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The backstory: In the world of artificial intelligence (AI), OpenAI's ChatGPT has been making significant strides. Founded in December 2015, OpenAI is the powerhouse behind ChatGPT and various advanced AI technologies. From the get-go, its mission has revolved around ensuring that artificial general intelligence (AGI) benefits all of humanity.
OpenAI's mission extends to developing precise text-to-image AI tools, putting them in competition with players like Alibaba's Tongyi Wanxiang, Midjourney and Stability AI, all relentlessly improving their image-generating models.
Now, let's talk about DALL-E. It made its debut in January 2021, making it one of the earliest text-to-image generative AI art platforms. By 2022, OpenAI introduced DALL-E 2, but there was a waitlist to use it over concerns about explicit and biased image generation. But, the company opened up access to DALL-E 2 last September after adding safeguards to address those concerns.
More recently: AI-generated images have been quite a topic of discussion lately. In August, a Washington DC court delivered a ruling essentially saying that artworks created entirely by AI, with no human involvement, couldn't be copyrighted under US law.
Meanwhile, OpenAI has found itself entangled in some legal troubles. Earlier this week, a trade group representing several American authors sued the company. Well-known writers like John Grisham and George R.R. Martin are part of this lawsuit. They say OpenAI allegedly trained its chatbot, ChatGPT, using their works without authorization.This is just one among several cases brought against generative AI companies over intellectual property concerns from writers, source-code owners, visual artists and other creators.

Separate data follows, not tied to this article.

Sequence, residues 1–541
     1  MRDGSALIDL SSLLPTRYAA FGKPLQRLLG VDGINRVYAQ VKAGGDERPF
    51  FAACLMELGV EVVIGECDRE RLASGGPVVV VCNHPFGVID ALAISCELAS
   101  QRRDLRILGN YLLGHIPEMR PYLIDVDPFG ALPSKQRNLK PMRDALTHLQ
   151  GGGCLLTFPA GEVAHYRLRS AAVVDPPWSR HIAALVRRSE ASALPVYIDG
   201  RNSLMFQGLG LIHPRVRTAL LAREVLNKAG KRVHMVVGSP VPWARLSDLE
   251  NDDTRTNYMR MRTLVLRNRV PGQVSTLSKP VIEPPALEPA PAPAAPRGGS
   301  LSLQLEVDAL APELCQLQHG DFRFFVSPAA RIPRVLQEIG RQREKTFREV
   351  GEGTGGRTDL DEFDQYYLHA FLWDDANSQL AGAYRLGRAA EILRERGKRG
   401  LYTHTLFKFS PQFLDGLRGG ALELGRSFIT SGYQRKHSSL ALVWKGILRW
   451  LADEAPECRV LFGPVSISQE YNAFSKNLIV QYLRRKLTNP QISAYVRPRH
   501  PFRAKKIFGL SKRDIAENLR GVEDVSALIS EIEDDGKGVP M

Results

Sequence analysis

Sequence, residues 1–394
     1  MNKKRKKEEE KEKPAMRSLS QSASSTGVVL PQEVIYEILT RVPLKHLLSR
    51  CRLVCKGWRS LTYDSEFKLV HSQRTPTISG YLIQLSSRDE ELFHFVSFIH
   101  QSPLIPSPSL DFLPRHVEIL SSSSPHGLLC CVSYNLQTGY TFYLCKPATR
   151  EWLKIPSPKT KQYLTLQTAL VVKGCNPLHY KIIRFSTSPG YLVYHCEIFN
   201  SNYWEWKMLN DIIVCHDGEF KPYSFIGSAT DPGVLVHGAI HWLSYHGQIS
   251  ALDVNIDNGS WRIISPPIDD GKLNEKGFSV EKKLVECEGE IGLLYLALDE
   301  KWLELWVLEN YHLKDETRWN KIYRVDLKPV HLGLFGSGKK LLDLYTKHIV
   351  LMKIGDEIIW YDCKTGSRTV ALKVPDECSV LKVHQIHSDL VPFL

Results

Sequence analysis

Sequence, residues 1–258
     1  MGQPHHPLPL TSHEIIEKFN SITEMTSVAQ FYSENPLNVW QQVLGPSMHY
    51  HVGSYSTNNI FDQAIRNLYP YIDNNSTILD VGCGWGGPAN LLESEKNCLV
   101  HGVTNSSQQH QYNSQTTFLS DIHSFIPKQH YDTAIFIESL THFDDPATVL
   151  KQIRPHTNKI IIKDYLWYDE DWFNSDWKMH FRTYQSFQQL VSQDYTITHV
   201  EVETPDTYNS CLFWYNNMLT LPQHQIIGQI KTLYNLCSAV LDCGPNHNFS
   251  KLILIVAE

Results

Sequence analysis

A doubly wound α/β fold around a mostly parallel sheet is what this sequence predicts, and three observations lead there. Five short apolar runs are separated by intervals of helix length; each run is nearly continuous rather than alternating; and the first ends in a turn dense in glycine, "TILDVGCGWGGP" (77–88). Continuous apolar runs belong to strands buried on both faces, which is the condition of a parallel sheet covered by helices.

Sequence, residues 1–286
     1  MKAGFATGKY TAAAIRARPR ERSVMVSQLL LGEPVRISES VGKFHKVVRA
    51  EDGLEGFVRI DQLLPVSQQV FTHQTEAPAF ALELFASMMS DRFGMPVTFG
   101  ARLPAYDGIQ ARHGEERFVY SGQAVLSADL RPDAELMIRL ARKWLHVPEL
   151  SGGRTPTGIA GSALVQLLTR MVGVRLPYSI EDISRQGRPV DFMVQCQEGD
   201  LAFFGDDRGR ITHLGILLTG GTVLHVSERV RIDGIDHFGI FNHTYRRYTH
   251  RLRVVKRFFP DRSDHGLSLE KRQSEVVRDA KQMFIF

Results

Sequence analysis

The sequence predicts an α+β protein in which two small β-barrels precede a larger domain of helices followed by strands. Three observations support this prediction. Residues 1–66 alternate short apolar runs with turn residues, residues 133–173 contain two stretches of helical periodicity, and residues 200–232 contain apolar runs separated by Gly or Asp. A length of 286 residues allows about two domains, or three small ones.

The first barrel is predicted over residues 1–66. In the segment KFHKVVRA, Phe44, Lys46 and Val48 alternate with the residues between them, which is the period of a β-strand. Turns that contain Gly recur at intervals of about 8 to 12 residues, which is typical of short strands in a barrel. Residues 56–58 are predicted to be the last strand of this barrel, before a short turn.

The development: OpenAI is now rolling out Dall-E 3, the latest version of its text-to-image tool. What sets this upgrade apart is that it taps into the capabilities of its popular AI chatbot, ChatGPT, to supercharge image generation.
Starting in October, Dall-E 3 will be available for ChatGPT Plus and Enterprise customers via an application programming interface (API). Users can toss in image requests and fine-tune prompts by chatting with ChatGPT. As for when the general public can get their hands on it for free, OpenAI hasn't said anything on that yet.
OpenAI says that Dall-E 3 can turn complex requests into super-detailed and spot-on images. Plus, it’s added extra safety measures so that it won't generate anything violent, adult or offensive. It also has mechanisms to reject requests for images of public figures by name or mimic living artists' styles. To address copyright worries, OpenAI is giving creators the option to opt out of having their work used to train future text-to-image tools. This way, creators have more control over how their content gets used in the AI world.
"DALL-E 3 can translate nuanced requests into extremely detailed and accurate images," said OpenAI in a statement.
“When you put content on a social media site or any site, you’re generally granting a very broad license to the site to be able to use your content in any way,” said Katherine Gardner, an intellectual-property lawyer at Gunderson Dettmer. “It’s going to be very difficult for the ordinary end user to claim that they are entitled to any sort of payment or compensation for use of their data as part of the training.”
“My worst fears are that we cause, we the field, the technology, the industry, cause significant harm to the world,” said Sam Altman, CEO of OpenAI, in May while testifying before members of a Senate subcommittee about AI regulation. “I think if this technology goes wrong, it can go quite wrong.”